No face covering, no ride photos.
That’s the rule at Disney World, which reopened on July 11 amid the ongoing coronavirus pandemic.
Along with numerous other new health and safety protocols, Disney is asking all guests ages two and older to wear a face mask at all times while inside their four Florida parks — except for when drinking and eating or visiting one of the parks’ “relaxation zones.” This includes while riding on any of the attractions.
As a means of enforcing this rule, the company has decided that they will be refusing guests any on-ride photos — think, the picture snapped as you go over the falls on Splash Mountain — if they are captured without their masks. A representative for the park confirmed this news to CNN, adding that the rule is in line with the parks’ existing policy to deny guests their photos if they are doing something deemed unsafe on an attraction.
Garth Vaughan/ Walt Disney World
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On Sunday, the unofficial Disney blog Walt Disney World News Today also confirmed the decision through several reports from Disney employees, writing, “We’ve received confirmation from various cast members at attractions that guests who remove their face masks while on an attraction will have their on-ride photo pulled and deleted from the PhotoPass system. Only guests who follow the rules and keep their face masks on at all times throughout the duration of the attraction will have their photo show up for download or purchase.”
A representative from Disney did not respond to PEOPLE’s request for comment.
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Orlando’s Magic Kingdom and Animal Kingdom both reopened on July 11 after being closed since March due to the coronavirus. Epcot and Hollywood Studios reopened on July 15. In addition to face coverings, guests are now also required to stand in socially distanced lines for rides and get temperature checks prior to entering the parks.
Other changes include requiring visitors to make reservations for each park online prior to admission, significantly lowering the number of guests allowed in, and reducing capacity on rides, various modes of transportation and in restaurants and retail stores.
In order to maintain social distancing, there are markings on the ground showing people where to stand, signs reminding guests to stay six-feet apart, and cast members acting as a “social distance squad” scattered around the parks engaging with guests.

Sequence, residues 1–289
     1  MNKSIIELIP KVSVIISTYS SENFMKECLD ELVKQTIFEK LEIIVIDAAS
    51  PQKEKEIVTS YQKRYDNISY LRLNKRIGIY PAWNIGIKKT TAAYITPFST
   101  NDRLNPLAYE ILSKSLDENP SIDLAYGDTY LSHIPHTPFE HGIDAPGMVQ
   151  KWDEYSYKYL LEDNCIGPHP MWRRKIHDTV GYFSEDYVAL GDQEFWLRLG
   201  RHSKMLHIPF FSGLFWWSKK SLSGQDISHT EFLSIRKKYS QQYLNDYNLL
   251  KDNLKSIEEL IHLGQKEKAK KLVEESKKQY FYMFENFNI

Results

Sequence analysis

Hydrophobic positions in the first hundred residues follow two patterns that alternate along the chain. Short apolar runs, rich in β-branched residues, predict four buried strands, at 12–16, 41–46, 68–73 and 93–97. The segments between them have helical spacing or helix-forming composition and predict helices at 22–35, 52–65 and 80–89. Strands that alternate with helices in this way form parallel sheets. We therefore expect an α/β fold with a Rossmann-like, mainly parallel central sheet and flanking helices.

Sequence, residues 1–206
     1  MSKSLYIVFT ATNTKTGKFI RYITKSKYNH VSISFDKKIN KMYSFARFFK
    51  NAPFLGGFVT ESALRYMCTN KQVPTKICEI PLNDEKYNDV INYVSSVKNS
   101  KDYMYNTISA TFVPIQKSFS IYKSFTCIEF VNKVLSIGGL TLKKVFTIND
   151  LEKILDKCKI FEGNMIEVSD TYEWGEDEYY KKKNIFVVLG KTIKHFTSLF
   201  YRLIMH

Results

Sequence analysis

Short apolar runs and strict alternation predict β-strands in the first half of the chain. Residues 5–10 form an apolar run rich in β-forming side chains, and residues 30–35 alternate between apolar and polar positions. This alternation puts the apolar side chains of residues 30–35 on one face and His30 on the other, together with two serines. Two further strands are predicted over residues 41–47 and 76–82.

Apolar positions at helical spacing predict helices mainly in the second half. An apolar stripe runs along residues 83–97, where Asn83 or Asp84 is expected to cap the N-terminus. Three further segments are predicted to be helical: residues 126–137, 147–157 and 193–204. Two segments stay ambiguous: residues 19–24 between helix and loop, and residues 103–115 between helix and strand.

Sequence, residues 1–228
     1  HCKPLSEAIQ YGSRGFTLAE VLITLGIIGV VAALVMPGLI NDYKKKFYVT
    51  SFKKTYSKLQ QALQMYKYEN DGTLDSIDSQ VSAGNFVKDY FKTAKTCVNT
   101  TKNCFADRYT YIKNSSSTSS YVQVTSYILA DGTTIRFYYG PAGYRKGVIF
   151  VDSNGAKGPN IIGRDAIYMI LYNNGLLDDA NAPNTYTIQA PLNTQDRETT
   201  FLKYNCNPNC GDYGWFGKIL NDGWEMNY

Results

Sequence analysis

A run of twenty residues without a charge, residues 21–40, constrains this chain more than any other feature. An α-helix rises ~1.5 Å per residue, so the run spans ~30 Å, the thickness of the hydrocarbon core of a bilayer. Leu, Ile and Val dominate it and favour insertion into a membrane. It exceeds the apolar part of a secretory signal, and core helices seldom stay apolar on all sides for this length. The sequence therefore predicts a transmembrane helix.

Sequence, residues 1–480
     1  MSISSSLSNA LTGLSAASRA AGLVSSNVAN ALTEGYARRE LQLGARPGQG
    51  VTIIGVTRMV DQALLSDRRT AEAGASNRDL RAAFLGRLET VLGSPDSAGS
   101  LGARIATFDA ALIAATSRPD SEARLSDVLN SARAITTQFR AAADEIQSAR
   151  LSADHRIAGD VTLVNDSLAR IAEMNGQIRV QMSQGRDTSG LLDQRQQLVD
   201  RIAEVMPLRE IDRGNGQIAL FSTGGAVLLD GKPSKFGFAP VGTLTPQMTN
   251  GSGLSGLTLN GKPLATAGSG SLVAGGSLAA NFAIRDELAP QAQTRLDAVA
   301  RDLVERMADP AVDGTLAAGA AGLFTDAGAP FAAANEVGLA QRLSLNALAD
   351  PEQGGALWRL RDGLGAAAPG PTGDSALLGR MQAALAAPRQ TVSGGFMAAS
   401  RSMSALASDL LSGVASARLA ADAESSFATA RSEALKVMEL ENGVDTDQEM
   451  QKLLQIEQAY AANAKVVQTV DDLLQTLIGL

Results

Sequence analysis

Though most attractions are up and running, sensory-focused interactive play areas for children will remain closed. All character meet-and-greets and shows (including parades and fireworks) are canceled for the time being.
RELATED VIDEO: Disney World Announces Reopening Date After Months-Long Coronavirus Closure
Disney World Announces Reopening Date After Months-Long Coronavirus Closure
Disney World announced on Wednesday that it plans to open beginning July 11, months after first shutting its gates amid the COVID-19 pandemic
Disney World’s phased opening is in line with Florida’s coronavirus reopening plan, which has continued to move ahead despite a huge surge in new cases in the state. On July 12, the day after Disney World reopened, Florida reported a record 15,000 new coronavirus cases in a single day, according to data from The New York Times.
Florida now has the third-highest case total of the pandemic, after New York and California, with 301,802 cases and 4,520 deaths as of July 15.
Florida’s Agency for Health Care Administration reported on July 7 that at least 56 hospitals were out of space in their ICUs, despite the fact that Gov. Ron DeSantis previously claimed that “hospitals still have a lot of capacity.”
Alex Menendez/Getty Images Walt Disney World
On June 24, Disneyland in California, another state seeing rising cases, announced that it had “no choice but to delay” its intended July 17 reopening date. The decision came as the state government did not grant approval and guidelines in time to arrange the opening.
There is still no opening date for Disneyland and Disney’s California Adventure. Downtown Disney reopened with new safety precautions in place on July 9.
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